Wars in Iraq and Afghanistan show counter-productiveness of any attempts at unilateral and especially forceful resolution of modern international problems. These wars, like the War in Vietnam, superficially followed the logic of collective allied efforts after World War Two, including the reconstruction of Germany and Japan in conditions of a long-term occupation. No account was taken of different conditions of other regions, complete lack of willingness to assume long-term complex commitments, similar to those, undertaken by the United States in respect of South Korea and Taiwan and by the Soviet Union in respect of Mongolia. Therefore, among the key factors of the contemporary global politics, which has to be taken into consideration are, on the one hand, the inability to resolve the problems “on the cheap”, and on the other, the lack of political will and sufficient resources that are required to ensure a real success of military intervention. Max Hastings wrote in The Financial Times recently: “military success in limited interventions overseas is often meaningless without a sustained neo-colonialist follow-up, which is politically and morally unacceptable”.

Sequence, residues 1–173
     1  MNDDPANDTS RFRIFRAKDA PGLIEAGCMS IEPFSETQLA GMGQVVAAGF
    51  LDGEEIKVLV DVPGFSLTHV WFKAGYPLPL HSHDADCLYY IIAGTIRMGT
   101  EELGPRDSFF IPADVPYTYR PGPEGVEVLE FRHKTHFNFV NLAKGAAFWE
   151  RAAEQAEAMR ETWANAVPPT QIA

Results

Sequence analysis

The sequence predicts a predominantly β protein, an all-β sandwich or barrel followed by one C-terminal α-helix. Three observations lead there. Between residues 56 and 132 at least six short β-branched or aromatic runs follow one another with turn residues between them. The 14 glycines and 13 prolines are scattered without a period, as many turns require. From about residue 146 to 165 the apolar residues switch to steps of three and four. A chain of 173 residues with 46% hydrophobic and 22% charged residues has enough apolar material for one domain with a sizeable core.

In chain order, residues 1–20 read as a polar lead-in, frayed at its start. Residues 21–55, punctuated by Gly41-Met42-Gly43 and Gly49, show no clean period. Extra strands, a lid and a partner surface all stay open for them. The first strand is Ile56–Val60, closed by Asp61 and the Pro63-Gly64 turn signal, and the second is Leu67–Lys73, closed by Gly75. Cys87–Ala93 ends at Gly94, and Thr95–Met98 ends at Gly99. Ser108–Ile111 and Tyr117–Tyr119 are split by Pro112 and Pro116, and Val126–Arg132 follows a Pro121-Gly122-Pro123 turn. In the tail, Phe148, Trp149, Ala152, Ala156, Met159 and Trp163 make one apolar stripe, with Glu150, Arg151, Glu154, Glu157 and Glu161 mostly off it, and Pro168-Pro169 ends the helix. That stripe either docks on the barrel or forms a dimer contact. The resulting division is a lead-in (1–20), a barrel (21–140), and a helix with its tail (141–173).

The crisis the world is going through, makes a good point: what “nation building” abroad, if the same is utterly required at home? Transformative processes within the so-called “Arab spring” provide new examples of the problem. The “cheap” operation in Libya, brought about “cheap” results, not to mention undermining trust among the permanent members of the UN Security Council. The West’s strategic oversight in the region has been irretrievably lost to the “Arab spring”. That is one of the factors in the Syrian situation, where regional players, pursuing diverse interests, are calling the tune. The reality of a proxy war leaves too little to outside decision. Unless, of course, the international community musters enough collective will to engineer a political settlement.